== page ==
Blocking with this shield and attacking an enemy’s shield also affect a special meter. Blocking reduces it and has the player dropping glowing orbs. The player making the attack can pick these orbs up to increase their own special gauge. When a special gauge reaches zero, the Rounder overheats and the player can’t bring up their shield or boost for a short period of time.
The special gauge has a secondary use in Senko no Ronde 2. Each Rounder has a special attack called Boss Mode that they can enter with the Left Trigger. For a period of time, the Rounder syncs up with a large armor and becomes much more powerful. How full the special gauge is determines how long the player will remain in Boss Mode. Only one player can be in Boss Mode at a time and the player that isn’t in Boss Mode can still attack. This can reduce the special gauge and bring the enemy Rounder out of Boss Mode sooner.
There’s also another version of Boss Mode that players can activate in Senko no Ronde 2, but only under certain conditions. This is called Final Boss Mode. To enter this mode, the player must activate Boss Mode while in the Vanish state. Doing so brings in an even more powerful version of the Boss armor and gives them more times to try and defeat the opponent. It’s a last ditch effort that can completely turn the tides of battle.
The addition of Final Boss Mode and the Vanish state add a little extra strategy to the game. For example, it may be best to hold off on activating Boss Mode until right before the enemy enters the Vanish state. This means they can’t enter Final Boss Mode and it makes them much easier to defeat. I’ve also just plainly held off putting enemies into Vanish to keep them from activating Final Boss Mode. Instead, I just focus on dodging their attacks and winning when time runs out. Players also only have so many uses of Boss Mode per fight so that they can’t just spam it.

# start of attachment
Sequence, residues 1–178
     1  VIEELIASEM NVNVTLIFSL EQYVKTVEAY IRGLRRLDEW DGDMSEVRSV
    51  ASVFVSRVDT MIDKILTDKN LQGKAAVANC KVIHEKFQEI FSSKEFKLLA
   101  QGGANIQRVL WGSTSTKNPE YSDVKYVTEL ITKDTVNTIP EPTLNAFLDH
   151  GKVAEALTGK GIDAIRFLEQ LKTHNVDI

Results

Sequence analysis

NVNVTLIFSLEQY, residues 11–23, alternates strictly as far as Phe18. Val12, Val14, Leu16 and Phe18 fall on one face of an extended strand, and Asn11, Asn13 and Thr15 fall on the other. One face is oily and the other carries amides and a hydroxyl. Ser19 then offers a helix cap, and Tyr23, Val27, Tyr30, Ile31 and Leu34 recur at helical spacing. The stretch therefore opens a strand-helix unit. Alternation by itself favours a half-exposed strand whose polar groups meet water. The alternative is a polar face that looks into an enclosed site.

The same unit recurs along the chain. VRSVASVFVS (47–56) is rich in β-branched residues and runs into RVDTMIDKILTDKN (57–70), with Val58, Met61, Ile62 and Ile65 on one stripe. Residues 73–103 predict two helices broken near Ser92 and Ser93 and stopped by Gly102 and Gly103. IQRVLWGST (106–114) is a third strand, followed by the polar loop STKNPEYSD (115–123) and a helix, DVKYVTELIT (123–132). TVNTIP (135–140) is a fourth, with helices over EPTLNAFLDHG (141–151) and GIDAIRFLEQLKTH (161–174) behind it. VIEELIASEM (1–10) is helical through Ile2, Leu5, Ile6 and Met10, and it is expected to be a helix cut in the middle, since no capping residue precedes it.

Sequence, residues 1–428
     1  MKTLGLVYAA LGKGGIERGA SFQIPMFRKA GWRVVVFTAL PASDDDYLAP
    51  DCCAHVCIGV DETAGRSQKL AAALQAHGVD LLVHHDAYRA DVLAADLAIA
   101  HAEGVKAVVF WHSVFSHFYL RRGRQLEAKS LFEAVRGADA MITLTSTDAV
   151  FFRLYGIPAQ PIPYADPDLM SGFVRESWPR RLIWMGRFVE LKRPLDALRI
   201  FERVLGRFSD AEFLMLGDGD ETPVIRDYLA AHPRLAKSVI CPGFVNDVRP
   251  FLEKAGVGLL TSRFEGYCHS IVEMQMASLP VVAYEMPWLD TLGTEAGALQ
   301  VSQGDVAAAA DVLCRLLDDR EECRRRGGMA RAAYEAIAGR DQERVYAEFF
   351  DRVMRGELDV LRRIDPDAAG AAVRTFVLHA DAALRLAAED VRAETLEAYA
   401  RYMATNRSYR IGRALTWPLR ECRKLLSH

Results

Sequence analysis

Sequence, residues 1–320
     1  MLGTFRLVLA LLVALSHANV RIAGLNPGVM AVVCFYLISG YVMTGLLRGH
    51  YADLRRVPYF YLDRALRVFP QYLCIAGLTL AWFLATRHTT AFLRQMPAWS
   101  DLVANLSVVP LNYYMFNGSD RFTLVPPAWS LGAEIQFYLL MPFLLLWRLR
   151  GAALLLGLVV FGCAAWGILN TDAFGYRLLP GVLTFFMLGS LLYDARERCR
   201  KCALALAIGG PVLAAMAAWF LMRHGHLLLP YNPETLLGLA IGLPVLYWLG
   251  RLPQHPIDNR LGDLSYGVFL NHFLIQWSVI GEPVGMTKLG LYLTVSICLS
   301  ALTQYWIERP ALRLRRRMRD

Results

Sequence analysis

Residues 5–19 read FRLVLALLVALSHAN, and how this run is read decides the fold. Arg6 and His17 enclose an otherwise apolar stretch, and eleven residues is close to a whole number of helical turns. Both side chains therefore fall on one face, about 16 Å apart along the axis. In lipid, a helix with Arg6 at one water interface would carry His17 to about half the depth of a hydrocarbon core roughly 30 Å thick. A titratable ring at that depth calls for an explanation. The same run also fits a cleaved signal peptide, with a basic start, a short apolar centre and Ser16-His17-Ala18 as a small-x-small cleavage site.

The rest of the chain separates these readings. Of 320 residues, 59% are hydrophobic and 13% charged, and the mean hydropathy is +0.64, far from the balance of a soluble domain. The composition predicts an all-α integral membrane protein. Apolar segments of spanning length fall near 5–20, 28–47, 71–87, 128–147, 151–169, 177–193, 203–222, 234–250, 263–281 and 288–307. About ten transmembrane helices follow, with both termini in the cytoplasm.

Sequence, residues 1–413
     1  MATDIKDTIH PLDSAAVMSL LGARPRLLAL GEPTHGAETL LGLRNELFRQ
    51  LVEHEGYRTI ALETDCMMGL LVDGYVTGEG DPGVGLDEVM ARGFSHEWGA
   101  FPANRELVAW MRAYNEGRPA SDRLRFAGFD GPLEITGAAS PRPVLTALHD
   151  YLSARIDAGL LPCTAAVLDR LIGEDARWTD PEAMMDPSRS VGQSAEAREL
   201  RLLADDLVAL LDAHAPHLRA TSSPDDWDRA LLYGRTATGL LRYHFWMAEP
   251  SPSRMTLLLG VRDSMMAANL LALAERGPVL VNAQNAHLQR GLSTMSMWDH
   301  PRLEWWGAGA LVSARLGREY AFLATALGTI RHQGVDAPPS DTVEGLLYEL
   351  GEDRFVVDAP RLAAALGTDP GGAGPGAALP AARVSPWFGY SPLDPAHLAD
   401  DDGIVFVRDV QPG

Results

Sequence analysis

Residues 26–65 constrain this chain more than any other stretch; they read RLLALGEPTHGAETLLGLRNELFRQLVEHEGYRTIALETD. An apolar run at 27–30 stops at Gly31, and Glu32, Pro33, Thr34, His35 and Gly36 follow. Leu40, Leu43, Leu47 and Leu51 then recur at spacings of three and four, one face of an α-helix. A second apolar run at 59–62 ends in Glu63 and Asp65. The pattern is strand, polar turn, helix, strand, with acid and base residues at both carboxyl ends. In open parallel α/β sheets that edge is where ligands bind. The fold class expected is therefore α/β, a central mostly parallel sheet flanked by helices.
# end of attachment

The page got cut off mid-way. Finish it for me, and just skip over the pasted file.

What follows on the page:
Honestly, sometimes it feels like there’s a little too much to keep track of in Senko no Ronde 2. Constantly moving to dodge attacks and making attacks at the same time is already complex. Add in the fact that almost every button has a second purpose and it becomes somewhat overwhelming.
Another slight flaw with Senko no Ronde 2 is that the combat feels a little clunky. The Rounders all feel like they are moving through molasses and it takes what should be fast-paced gameplay and makes it feel a little cumbersome. The melee attacks are also hit or miss. If you get an enemy caught in the opening attack, then you get a full combo off every time. However, melee attacks are hard to connect with and the AI will, more often than not, beat you to the punch.